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Delaware nonprofits struggle with diversity, tax changes and funding shortfalls

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Delaware nonprofits are focusing  on ways to innovate through diversity and innovation, even as they struggle
to maintain funding for key programs and create new ones.

The Delaware nonprofit sector employs 45,307 people and generates $2.9 billion in wages, generating $5.4 billion in spending, says Sheila Bravo, president of the Delaware Alliance for Nonprofit Advancement (DANA), citing data from the 2017 Bureau of Labor Statistics and other federal sites.

Bravo says she believes nonprofits need to adapt if they’re going to remain relevant and deliver their services efficiently, thanks to a changing community landscape and the continuing impact of the loss of statewide funding in 2017. A DANA survey found that nonprofits lost an estimated $25 million between state grants, contracts and grant-in-aid.

“We’re seeing a greater reliance on private and corporate donations, since anecdotally we believe the number of donors has dropped,” Bravo said. “The demand for services is not declining but some people still haven’t figured out how to increase their funding streams.”

“We’re seeing long-tenured executives announce their retirement,” she added. “Agencies working with vulnerable populations are dealing with regulatory changes and differences in the way the game is played. And our senior population in Delaware is growing, but the funding is not keeping pace.”

More than 200 people gathered for the 2019 IMPACT Delaware annual conference on May 2 and heard from Facebook’s Amira Bliss, who co-authored a study on nonprofit innovation for the Rockefeller Foundation. That study found that diverse teams composed of people with wide-ranging perspectives and skills are critical for innovation.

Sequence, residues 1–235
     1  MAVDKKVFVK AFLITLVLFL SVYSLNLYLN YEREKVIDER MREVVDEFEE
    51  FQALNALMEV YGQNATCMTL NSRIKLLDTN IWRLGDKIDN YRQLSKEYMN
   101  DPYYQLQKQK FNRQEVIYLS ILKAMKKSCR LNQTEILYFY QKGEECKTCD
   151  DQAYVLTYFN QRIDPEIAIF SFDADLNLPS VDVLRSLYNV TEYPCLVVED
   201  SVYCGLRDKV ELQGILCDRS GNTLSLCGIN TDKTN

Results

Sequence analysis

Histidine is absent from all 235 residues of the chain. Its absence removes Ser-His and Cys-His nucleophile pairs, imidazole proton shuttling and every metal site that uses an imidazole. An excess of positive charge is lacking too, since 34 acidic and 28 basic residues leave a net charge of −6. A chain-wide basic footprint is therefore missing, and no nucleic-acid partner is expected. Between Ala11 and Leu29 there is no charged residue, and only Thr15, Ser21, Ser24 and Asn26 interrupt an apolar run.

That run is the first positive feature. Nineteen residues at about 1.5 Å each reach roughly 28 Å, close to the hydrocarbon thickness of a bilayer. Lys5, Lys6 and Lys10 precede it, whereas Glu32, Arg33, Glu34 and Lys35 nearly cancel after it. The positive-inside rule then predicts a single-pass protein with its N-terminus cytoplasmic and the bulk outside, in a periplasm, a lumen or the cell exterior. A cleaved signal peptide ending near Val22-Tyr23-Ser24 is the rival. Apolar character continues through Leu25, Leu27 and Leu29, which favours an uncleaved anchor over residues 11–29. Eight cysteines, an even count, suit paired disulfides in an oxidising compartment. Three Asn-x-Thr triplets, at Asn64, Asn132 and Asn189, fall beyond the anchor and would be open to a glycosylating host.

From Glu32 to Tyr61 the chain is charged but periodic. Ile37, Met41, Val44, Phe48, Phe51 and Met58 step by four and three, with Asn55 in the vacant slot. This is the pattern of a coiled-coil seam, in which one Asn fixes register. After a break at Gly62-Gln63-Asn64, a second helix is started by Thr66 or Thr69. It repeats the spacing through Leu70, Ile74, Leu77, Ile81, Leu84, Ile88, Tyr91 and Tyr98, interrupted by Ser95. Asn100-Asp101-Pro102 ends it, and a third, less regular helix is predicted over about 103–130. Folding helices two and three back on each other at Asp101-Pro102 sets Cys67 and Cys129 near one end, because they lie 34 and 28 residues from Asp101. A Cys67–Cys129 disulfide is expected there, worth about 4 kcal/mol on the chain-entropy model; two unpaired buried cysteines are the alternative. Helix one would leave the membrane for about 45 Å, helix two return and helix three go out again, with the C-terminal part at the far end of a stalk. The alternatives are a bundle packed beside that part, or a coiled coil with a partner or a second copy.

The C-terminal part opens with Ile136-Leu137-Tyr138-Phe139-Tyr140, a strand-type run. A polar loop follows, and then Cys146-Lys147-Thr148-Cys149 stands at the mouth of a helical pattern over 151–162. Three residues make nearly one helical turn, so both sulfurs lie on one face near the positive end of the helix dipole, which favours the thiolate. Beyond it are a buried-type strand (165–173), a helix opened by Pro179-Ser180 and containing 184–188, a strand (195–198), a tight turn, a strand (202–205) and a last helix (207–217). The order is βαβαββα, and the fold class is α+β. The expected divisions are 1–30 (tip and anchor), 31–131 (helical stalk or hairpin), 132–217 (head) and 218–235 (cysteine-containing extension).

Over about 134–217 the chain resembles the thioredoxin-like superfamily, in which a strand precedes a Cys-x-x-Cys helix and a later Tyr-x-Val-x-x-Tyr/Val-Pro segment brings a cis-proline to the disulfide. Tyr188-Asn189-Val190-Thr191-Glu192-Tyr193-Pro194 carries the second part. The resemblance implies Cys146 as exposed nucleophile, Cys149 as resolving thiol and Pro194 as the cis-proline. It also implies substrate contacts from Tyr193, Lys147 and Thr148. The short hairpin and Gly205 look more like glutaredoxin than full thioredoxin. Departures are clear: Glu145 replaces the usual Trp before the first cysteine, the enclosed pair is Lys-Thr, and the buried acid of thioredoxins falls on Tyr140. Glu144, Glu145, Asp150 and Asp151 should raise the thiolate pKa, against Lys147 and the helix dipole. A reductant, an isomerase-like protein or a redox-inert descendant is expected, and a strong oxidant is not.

“Diversity actually introduces conflict,” James Collins, secretary of the Delaware Department of Technology, told the crowd. “It’s only when we work through the conflict in an inclusive way that we get to enjoy the values that diversity delivers.”

Share Delaware has published a survey that shows the diversity of the Delaware nonprofit sector using data from the IRS master file of registered 501(c)3 organizations in 2016. Although more than 6,900 nonprofits are registered in Delaware, Share Delaware, a collaborative enterprise of DANA and Philanthropy Delaware, found 876 that provide direct services in Delaware and have filed a 990 or 990EZ tax form in the past three years. Of the 876, 621 were in New Castle County, with the remaining 255 split fairly evenly between Kent and Sussex counties.

The updated figures provided by DANA also show 240,160 volunteers with a wage value of $589.4 million.
The deep cuts the Delaware General Assembly imposed on nonprofits in 2017 have put those organizations in a better position to cope with the impact of the 2018 federal tax bill and the reality that the pie isn’t growing even though the need for critical services is.Delaware nonprofits “had to expand their donor bases, improve their websites and communications to donors, and do a better job stewarding their donors and sharing successes,” Bravo told the Delaware Business Times earlier this year. “So, hopefully they’re a bit better prepared to deal with drops in government funding.”